4. Cite four reasons to advance cultural competence in disability supports.
  5. Describe a conceptual framework for cultural competence.
  6. Apply these concepts to their roles and program goals within their respective organizations.

Session 2: Objectives Part 2 – Taking a Deeper Dive: Applying Principles and Practices of Linguistic Competence


Participants will:

  1. Define linguistic competence.
  2. Differentiate linguistic competence and language access.
  3. Cite legal mandates and requirements for language access that affect persons who experience disability, their families, and the communities in which they live.
  4. Apply these concepts to their roles and program goals within their respective organizations.

Session 3: Objectives Part 1 ─ Engaging Communities with Deep Historical Wounds


Participants will:

  1. Define historical trauma.
  2. Describe historical and present trauma experienced by members of diverse racial, ethnic, disability, religious, and LGBTQI+ communities.
  3. Cite six key approaches to engage communities that have experienced historical trauma and their implications for Competitive Integrated Employment and Community Living.

Session 4: Objectives Part 2 ⎯ Engaging Minoritized Communities: The Essential Role of Cultural Brokering


Participants will:

  1. Define the concept of cultural brokering.
  2. List the attributes, knowledge, and skills of a cultural broker.
  3. Cite guiding principles of cultural brokering.
  4. Review six key strategies for engaging diverse communities and their implications for Competitive Integrated Employment and Community Living.

Facilitator:  Tawara Goode, Georgetown University Center for Excellence in Developmental Disabilities.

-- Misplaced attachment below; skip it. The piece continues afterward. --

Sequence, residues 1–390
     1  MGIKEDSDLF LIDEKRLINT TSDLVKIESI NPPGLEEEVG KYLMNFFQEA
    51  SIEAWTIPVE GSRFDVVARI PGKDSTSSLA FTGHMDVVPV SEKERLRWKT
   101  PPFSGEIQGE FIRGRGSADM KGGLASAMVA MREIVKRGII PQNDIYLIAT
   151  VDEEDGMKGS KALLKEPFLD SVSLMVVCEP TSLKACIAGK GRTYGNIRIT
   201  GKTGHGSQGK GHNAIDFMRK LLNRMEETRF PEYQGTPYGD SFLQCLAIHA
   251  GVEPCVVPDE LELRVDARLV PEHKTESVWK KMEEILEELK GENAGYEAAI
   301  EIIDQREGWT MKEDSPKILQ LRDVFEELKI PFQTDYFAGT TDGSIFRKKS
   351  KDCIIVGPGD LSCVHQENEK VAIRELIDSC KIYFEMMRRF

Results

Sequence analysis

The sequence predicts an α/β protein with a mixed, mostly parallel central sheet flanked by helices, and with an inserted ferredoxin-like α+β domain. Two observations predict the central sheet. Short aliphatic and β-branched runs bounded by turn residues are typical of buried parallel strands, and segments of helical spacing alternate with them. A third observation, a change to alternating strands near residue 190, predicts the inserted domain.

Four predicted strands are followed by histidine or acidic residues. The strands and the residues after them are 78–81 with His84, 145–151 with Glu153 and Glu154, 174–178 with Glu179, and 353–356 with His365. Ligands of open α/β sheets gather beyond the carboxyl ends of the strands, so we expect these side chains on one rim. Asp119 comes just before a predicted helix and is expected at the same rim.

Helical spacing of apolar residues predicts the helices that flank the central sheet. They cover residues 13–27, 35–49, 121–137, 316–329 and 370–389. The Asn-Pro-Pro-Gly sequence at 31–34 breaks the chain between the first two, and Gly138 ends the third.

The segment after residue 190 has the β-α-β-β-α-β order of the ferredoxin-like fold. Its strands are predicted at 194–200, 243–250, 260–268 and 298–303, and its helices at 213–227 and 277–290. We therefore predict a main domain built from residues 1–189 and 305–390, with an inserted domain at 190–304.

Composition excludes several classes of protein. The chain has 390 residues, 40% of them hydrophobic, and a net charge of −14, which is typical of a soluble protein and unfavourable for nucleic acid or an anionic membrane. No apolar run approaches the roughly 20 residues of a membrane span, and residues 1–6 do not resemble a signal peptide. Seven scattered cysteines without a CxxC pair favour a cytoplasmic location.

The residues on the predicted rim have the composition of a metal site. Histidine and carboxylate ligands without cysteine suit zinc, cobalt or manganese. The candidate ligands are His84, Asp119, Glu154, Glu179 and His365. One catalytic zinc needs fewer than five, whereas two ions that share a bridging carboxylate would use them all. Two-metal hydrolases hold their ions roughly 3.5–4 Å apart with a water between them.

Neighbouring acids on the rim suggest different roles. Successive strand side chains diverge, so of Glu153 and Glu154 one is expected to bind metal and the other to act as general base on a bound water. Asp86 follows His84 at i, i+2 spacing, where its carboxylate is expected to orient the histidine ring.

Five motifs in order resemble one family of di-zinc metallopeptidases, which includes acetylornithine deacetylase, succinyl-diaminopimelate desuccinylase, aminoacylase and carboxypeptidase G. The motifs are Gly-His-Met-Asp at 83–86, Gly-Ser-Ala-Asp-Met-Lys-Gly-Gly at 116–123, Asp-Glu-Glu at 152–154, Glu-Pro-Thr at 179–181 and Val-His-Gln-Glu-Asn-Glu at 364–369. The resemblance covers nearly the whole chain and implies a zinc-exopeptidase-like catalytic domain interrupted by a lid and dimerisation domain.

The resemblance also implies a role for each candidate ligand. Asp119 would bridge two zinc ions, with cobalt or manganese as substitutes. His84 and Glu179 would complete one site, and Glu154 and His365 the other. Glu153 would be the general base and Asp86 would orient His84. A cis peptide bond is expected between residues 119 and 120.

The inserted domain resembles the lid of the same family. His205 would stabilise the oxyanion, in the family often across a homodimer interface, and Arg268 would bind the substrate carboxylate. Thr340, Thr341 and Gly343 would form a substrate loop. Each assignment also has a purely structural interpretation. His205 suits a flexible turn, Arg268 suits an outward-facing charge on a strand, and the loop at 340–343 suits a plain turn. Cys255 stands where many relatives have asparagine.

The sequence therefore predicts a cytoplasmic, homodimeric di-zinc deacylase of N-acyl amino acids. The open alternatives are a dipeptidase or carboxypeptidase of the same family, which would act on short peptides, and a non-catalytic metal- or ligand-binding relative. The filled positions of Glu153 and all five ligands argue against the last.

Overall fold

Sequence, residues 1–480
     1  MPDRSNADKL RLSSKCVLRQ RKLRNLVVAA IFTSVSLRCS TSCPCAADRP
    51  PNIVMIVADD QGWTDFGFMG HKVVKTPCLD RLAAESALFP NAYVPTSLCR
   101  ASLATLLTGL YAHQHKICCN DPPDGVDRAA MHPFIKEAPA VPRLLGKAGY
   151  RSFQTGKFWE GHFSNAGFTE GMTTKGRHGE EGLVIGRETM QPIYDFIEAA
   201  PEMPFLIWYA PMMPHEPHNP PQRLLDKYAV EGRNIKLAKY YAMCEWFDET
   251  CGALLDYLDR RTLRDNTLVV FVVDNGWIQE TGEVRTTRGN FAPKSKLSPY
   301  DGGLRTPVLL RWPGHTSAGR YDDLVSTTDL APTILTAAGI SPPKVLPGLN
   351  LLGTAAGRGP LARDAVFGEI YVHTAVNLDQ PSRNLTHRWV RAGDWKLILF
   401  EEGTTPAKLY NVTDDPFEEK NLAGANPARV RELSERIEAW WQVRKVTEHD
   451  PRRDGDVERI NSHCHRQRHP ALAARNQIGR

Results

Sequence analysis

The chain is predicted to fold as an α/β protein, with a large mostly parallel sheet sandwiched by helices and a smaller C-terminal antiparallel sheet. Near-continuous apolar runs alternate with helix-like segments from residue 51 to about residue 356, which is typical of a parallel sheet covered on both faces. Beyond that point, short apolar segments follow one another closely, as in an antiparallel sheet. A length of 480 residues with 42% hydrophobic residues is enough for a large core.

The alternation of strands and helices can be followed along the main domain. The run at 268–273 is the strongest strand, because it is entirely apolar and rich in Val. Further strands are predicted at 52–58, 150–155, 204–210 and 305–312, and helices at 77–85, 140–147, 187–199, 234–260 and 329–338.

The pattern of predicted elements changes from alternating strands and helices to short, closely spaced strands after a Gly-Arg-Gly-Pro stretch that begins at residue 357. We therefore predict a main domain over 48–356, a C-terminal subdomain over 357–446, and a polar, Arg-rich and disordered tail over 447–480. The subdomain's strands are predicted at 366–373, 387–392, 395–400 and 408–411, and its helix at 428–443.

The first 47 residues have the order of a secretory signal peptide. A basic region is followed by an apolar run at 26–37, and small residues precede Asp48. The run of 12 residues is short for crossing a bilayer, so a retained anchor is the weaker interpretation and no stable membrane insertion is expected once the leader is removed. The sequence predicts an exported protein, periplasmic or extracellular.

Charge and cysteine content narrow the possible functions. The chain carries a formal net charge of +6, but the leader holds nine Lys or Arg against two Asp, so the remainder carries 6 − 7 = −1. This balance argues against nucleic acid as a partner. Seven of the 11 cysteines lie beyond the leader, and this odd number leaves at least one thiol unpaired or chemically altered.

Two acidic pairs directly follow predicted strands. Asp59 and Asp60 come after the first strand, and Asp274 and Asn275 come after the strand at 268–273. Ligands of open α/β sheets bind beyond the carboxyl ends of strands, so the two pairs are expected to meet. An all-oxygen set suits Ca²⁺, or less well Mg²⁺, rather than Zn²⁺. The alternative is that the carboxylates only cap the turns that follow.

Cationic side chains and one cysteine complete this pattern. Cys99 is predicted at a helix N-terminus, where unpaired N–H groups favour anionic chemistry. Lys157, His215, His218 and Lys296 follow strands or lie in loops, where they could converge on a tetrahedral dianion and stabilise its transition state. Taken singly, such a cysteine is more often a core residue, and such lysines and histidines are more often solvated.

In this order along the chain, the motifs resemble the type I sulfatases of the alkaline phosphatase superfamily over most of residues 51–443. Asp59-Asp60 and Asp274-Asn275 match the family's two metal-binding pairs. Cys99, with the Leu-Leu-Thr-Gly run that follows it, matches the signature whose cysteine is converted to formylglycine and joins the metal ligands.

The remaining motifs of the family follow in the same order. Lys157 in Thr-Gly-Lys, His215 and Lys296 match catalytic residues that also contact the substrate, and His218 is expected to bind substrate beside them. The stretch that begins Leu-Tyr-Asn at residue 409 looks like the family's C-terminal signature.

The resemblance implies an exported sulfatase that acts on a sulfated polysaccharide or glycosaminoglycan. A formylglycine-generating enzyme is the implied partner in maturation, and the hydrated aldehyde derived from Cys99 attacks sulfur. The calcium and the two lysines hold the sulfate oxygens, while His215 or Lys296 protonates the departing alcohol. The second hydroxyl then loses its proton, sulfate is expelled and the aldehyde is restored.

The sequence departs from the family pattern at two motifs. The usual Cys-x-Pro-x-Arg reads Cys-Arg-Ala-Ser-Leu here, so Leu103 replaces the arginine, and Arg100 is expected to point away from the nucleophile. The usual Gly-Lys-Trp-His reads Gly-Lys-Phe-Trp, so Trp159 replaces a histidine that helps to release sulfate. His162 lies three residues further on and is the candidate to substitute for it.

Session Links: Zoom Meeting links will be provided once grantees have been accepted into the e-Learning Community (accommodations provided based upon request). The links will be sent from the DETACs Gmail Account, AoDEmploymentTA@Gmail.com.


Interested grantees should complete the application form. Registration is required by 11:59 PM ET on February 3, 2023.






APPLICATIONS DUE: February 3, 2023

INITIAL MEETING: February 10,2023, 2:00PM – 3:00PM EST


About the Presenter:


Tawara Goode

Tawara Goode is an associate professor in the Department of Pediatrics, Georgetown University Medical Center in Washington, D.C. She has been on the faculty of the Georgetown University Center for Child and Human Development (GUCCHD), for over 30 years and has served in many capacities. She has degrees in early childhood education and education and human development.


Professor Goode has extensive experience as a principal investigator for federal and private sector grants and contracts. A primary area of focus for Professor Goode is national level efforts to advance and sustain cultural and linguistic competence within an array of settings including but not limited to institutions of higher education, health, mental health, and other human service systems. Professor Goode is the director of the Georgetown University National Center for Cultural Competence (NCCC). The NCCC was established in 1995 and Professor Goode has served as director for 26 years. The mission of the NCCC is to increase the capacity of health care and mental health care programs to design, implement, and evaluate culturally and linguistically competent service delivery systems to address growing diversity, persistent disparities, and to promote health and mental health equity. Professor Goode is acknowledged as a thought leader in cultural and linguistic competence and for building the NCCC into a nationally and internationally recognized and award-winning program. She had a primary role in developing curricula, assessment instruments, professional development series, and other resources that support cultural and linguistic competence.


Professor Goode is also the director of the Georgetown University Center for Excellence in Developmental Disabilities (GUCEDD). In this capacity, she is responsible for short-term and ongoing programs for persons at-risk for and with developmental and other disabilities and their families. Her duties include program development, administration, and teaching within Georgetown University, local community settings, and nationally. She is currently or has been the principal investigator for three grants of national significance from the Office of Intellectual and Developmental Disabilities, Administration on Disabilities, Administration for Community Living within the US Department of Health, and Human Services.